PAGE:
Season of Data Collection of Child Dietary Diversity Indicators may Affect Conclusions about Longer Term Trends in Peru, Senegal and Nepal

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Date of Publication | July 2021


Background: The WHO-UNICEF minimum dietary diversity (MDD) indicator for children aged 6–23 mo is a global monitoring indicator used to track multi-year population-level changes in dietary quality, but the influence of seasonality on MDD estimates remains unclear. 

Objectives: To examine how seasonality of data collection may influence population-level MDD estimates and inferences about MDD changes over multiple survey years. 

Methods: We selected countries with 3 or more consecutive years of MDD data collection, including continuous national Demographic Health Surveys in Senegal (2012–2017; n = 12,183) and Peru (2005–2016; n = 35,272) and the Policy and Science for Health, Agriculture, and Nutrition sentinel site seasonal surveys (covering 3 seasons/y) in Nepal (2013–2016; n = 1309). The MDD prevalence (≥5 of 8 food groups) and an 8-item continuous Food Group Score (FGS) and 95% CIs were estimated by month and compared for lean and non-lean seasons using ordinary least squares regression with dummy variables for year. 

Results: The national prevalence of MDD was higher in Peru (75.4%) than in Nepal (39.1%) or in Senegal (15.7%). Children in Peru were 1.8% (coefficient, –0.0179; 95% CI, –0.033 to –0.002) less likely to achieve MDD during the lean season. Similar seasonal magnitudes were observed in Senegal (coefficient, –0.0347; 95% CI, –0.058 to –0.011) and Nepal (coefficient, –0.0133; 95% CI, –0.107 to 0.081). The FGS was about 0.1 item lower during the lean season in all 3 countries. In comparison, MDD increased by an average rate of only 4.2 and 4.4 percentage points per 5 y in Peru and Senegal, respectively. Intakes of specific food groups were stable across months in all countries, with the provitamin A–rich food group exhibiting the most seasonality.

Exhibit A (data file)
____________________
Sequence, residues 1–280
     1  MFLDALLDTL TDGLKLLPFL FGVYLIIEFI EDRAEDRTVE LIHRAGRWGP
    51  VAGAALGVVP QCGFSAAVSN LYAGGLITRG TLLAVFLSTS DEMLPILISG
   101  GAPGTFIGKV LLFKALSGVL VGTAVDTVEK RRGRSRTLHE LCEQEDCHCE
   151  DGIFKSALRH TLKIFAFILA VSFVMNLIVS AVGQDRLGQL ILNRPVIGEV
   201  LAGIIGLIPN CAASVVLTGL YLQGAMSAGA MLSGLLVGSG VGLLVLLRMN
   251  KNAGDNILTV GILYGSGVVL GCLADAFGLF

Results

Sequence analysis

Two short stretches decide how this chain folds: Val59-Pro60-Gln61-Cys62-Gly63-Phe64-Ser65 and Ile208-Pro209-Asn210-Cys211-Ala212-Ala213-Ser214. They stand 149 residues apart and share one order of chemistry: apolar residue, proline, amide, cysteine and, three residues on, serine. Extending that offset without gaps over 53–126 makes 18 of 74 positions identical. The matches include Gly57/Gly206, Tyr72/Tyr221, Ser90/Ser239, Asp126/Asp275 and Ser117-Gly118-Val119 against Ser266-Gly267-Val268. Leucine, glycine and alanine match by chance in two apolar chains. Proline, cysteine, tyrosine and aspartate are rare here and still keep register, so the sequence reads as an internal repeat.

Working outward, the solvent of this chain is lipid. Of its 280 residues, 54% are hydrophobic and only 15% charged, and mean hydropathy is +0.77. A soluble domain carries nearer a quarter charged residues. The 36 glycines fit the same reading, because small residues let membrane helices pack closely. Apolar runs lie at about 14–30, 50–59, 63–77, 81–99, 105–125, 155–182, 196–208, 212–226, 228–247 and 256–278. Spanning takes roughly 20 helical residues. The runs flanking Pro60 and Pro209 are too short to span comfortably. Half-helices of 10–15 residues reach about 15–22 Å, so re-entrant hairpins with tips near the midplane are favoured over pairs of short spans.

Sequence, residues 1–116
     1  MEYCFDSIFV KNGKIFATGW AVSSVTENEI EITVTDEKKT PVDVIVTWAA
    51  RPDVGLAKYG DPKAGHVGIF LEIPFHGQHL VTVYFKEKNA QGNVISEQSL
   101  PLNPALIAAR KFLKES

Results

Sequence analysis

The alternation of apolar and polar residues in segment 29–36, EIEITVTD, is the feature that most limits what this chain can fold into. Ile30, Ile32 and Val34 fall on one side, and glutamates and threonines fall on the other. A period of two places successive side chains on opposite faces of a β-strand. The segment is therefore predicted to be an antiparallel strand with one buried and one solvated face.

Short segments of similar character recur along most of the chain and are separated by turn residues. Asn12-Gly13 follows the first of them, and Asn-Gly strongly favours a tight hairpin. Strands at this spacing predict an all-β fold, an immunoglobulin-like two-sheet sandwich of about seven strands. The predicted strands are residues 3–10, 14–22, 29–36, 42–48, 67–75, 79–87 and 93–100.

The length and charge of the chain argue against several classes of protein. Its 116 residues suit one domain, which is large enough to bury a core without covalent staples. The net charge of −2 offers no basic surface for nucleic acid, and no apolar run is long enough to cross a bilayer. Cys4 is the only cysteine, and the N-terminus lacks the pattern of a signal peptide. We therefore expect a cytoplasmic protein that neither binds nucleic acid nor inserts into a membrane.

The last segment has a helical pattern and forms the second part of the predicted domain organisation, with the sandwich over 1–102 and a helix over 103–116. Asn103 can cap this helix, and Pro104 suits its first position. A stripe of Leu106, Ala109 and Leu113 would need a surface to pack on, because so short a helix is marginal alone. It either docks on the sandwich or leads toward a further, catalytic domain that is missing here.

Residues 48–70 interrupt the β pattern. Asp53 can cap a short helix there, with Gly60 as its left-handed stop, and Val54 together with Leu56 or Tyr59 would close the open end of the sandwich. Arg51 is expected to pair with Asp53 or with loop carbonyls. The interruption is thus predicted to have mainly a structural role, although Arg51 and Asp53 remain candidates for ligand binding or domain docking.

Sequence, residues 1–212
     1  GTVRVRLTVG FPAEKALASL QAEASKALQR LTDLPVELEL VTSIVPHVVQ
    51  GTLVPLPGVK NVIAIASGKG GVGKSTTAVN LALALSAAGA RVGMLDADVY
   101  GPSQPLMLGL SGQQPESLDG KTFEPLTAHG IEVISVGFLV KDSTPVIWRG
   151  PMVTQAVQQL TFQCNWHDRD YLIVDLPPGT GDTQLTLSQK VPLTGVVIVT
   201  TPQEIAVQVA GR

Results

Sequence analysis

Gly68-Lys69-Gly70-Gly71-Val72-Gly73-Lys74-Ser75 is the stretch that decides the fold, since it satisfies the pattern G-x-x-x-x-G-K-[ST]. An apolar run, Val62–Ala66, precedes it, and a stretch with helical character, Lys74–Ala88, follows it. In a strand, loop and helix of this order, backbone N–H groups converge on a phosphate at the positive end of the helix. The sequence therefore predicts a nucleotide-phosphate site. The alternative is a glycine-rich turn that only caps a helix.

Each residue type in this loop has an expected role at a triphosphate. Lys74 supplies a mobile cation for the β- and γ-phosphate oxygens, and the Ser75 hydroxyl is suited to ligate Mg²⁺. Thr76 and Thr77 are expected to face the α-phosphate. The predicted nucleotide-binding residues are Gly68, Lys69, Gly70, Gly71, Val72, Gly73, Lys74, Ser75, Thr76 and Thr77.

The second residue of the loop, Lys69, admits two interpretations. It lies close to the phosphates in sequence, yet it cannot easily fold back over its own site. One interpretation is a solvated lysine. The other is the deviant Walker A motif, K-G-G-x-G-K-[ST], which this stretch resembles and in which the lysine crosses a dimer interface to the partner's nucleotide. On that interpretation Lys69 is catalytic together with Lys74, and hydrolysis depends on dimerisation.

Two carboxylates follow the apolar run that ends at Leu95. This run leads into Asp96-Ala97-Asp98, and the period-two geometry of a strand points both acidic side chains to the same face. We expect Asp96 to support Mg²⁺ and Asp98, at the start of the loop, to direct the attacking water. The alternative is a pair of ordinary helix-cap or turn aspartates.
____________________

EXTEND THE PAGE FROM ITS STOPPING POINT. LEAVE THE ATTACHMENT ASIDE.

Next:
Conclusions: The magnitude of seasonal variation in MDD prevalence was smaller than expected but large relative to longer-term changes. If large-scale surveys are not conducted in the same season, biased conclusions about trends are possible

Suggested Citation:

Thorne-Lyman AT,  Bevis LEM, Kuo H, Manohar S, Shrestha B, KC A, Klemm RD,  Heidkamp RA. Season of Data Collection of Child Dietary Diversity Indicators May Affect Conclusions About Longer-Term Trends in Peru, Senegal, and Nepal. CDN. 2021; 5(8):nzab095. 

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